YCRCDs new compost workshop was well-attended by over 80 participants

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We have not been paid for work completed since October of 2008, and have been told to not work further on projects that: Remove noxious, invasive weeds from our local waterways and replace them with native plants that belong there, Do free evaluations for farmers of their water use efficiency and distribution uniformity, Bring students out to farms, creeks and conservation sites to participate in conservation and learn about working landscapes, Provide staff support to groups of landowners who want to work collectively on mutual problems such as flooding, sedimentation and weeds, Remove barriers to good conservation practice installation, such as permit simplification and Safe Harbor agreements, Determine how water and geology interact along Cache Creek to help improve placement of stabiliza-

tion and revegetation projects, Provide funding to pay for costly but important conservation projects, such as tailwater/wildlife ponds for native fish, riparian revegetation, and canal bank planting, Transfer our local expertise to neighboring counties, Bring together multiple conservation oriented organizations -local, regional and national.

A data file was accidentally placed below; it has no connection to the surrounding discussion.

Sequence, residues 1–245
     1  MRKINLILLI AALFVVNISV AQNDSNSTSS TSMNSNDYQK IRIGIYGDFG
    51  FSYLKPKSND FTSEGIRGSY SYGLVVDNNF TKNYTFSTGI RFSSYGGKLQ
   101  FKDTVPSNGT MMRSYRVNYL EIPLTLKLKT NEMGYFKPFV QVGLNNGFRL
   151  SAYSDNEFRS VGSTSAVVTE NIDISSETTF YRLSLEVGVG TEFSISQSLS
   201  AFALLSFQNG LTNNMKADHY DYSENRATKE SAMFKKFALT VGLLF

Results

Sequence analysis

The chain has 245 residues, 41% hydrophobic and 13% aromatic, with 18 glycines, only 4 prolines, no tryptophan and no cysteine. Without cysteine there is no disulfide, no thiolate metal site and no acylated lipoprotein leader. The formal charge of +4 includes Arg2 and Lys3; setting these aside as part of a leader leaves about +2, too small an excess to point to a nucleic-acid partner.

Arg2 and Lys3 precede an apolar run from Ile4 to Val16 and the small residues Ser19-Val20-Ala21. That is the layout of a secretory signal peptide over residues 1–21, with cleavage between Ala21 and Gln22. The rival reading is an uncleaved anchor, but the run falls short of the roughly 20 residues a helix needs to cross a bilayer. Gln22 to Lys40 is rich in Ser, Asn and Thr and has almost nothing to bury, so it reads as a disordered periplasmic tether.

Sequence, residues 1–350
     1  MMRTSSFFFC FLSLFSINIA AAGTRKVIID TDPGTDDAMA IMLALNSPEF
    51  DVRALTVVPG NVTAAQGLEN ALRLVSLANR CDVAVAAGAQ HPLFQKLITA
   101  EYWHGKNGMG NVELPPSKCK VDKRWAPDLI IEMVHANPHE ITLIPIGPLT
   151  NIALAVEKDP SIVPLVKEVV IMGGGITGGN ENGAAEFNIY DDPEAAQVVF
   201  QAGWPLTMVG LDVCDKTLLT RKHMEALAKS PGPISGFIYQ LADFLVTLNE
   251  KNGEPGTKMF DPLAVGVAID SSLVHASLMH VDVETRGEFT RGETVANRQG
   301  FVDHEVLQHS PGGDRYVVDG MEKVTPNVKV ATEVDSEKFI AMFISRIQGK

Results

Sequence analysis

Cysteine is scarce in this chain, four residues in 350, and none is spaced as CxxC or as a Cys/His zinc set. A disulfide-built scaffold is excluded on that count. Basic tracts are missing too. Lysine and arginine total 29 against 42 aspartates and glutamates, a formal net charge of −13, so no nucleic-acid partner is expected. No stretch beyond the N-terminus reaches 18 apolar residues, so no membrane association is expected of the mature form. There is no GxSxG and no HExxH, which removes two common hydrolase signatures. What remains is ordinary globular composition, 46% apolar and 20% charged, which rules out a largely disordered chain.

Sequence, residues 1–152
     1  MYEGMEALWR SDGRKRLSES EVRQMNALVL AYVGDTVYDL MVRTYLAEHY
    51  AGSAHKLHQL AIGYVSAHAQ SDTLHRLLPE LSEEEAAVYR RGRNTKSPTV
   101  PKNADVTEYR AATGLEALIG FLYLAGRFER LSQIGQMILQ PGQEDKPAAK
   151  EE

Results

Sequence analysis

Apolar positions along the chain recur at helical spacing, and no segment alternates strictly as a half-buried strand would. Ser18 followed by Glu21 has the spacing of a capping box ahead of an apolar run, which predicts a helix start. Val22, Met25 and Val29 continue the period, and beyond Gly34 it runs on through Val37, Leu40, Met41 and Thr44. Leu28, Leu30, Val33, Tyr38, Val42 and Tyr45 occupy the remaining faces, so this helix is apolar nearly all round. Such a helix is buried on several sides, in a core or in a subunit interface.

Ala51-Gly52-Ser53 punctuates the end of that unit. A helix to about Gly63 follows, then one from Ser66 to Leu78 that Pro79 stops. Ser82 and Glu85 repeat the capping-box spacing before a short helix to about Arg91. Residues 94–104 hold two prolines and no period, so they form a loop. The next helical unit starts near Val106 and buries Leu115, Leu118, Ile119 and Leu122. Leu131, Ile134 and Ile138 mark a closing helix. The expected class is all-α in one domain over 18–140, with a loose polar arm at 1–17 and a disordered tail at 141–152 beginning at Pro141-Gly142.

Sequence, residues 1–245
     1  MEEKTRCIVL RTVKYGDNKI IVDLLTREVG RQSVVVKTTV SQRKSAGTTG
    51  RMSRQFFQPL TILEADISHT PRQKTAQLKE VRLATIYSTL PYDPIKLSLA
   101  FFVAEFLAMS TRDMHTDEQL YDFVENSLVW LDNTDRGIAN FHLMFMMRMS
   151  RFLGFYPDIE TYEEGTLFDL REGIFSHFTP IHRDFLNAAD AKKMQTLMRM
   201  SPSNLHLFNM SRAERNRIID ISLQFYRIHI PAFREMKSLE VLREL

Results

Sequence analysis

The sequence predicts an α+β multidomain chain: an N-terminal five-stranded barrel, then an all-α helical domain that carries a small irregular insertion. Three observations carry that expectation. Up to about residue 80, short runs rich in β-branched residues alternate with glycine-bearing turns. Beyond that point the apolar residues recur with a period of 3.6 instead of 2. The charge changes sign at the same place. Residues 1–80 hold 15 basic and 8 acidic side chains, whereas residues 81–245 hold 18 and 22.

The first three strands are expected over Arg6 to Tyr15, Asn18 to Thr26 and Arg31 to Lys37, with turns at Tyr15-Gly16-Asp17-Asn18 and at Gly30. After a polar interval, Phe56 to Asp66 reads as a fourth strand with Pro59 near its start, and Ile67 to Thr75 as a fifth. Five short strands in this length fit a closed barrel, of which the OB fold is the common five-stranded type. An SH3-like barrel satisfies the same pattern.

We were caught off guard - as were many other RCDs, other special districts, and non-profits by the sudden stop in cash flow in the middle of contracted projects whose funding was supposed to be disconnected from state budget disputes. We and our Board of Directors continue to work hard to stay afloat, and must find alternate ways of continuing the important work that we do within Yolo County. We would appreciate any form of support you can provide, and look forward to working with you for years to come.

Conservation Quarterly
(CPI) has also been developed that serves as a short hand method for matching compost qualities and characteristics to specific crop nutrient or site needs. For more information visit

Spring 2009